Knowledge at Wharton: And how have these interviews affected your own leadership?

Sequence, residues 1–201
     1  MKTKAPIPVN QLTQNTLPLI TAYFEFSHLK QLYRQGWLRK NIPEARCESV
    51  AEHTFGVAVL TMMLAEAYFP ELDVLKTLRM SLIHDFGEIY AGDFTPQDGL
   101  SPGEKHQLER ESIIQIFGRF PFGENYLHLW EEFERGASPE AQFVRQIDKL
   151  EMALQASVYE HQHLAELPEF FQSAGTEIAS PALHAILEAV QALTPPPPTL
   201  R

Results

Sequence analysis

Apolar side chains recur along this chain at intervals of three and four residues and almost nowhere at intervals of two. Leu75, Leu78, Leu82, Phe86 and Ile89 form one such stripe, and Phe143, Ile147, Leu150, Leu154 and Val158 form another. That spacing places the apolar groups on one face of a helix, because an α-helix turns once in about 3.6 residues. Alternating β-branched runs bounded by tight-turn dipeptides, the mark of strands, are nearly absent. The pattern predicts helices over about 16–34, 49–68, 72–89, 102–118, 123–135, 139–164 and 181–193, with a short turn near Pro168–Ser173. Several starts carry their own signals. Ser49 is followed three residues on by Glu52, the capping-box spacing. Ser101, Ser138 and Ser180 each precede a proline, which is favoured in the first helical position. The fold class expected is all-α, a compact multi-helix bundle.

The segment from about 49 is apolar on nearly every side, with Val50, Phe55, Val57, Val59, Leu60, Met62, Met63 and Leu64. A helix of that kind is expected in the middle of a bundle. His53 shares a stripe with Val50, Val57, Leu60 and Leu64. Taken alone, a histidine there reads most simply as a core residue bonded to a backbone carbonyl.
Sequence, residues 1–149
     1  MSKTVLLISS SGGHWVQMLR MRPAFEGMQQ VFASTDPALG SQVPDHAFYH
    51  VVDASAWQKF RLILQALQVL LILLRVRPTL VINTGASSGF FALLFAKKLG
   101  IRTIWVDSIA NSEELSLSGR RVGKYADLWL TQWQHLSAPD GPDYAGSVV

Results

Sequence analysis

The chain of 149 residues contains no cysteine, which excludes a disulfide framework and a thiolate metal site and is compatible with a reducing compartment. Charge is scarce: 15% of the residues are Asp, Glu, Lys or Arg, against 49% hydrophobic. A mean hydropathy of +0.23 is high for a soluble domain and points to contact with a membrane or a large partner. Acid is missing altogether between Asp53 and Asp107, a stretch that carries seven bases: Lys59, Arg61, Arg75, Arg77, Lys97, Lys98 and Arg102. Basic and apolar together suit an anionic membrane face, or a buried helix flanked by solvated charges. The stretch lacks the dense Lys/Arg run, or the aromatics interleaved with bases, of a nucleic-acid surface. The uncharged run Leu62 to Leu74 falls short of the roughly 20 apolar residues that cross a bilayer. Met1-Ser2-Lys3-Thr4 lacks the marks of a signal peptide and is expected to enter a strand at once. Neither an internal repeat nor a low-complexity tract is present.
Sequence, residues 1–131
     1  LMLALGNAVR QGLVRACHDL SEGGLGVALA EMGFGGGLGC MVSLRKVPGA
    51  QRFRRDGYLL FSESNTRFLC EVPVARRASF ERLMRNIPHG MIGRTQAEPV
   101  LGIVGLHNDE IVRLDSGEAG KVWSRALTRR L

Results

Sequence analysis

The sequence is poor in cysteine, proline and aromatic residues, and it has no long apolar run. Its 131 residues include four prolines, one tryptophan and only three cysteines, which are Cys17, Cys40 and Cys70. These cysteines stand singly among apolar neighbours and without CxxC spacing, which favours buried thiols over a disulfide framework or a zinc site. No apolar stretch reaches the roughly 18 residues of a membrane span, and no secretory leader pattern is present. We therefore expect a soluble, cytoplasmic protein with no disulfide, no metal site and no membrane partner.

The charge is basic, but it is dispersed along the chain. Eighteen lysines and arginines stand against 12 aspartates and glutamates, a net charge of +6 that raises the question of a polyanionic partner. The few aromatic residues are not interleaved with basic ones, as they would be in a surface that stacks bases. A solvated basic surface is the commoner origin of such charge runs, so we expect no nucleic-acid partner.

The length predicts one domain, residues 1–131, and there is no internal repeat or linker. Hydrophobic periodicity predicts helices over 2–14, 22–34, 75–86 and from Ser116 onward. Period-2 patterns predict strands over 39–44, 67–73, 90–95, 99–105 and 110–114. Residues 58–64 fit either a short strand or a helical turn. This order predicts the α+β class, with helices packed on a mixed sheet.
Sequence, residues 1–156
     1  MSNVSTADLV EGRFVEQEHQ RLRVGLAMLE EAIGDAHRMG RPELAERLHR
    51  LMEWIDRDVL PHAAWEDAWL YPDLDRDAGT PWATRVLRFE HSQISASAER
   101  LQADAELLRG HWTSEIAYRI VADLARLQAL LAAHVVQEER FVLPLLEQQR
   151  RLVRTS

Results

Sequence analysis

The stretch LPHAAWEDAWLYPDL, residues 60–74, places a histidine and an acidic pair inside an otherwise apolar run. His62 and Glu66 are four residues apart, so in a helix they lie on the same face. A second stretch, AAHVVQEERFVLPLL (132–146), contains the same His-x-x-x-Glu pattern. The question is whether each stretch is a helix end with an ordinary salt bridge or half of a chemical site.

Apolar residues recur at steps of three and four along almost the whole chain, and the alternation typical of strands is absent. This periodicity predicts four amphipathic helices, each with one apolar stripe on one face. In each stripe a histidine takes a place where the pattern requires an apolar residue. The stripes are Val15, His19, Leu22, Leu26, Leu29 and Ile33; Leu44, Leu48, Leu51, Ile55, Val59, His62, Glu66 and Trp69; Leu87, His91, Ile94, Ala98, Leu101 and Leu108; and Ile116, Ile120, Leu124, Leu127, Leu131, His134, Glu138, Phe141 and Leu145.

Bryant: I am always reminded by the CEOs of the importance of simply spending time with my employees. I manage a group of nine reporters, and I try and spend a lot of time listening to them. I try and spend a lot of time in actual conversation and not on email. I’ve been reminded often of the importance of talking to somebody. Over the phone or in person is very different from an email because there’s so much opportunity for communication to be misread and to be lost in translation over an email. A lot of it comes down to time. I’ve really come to believe over time that about 90% of all problems can be solved actually talking, rather than letting stuff fester or trying to hash something out over email. I think picking up the phone, talking to somebody in person and [having an] adult conversation about something … can release and avoid things that can really bog things down. So, those are the main things I’ve really been reminded of by the CEOs. I’ve learned a tremendous amount from them, I have to say.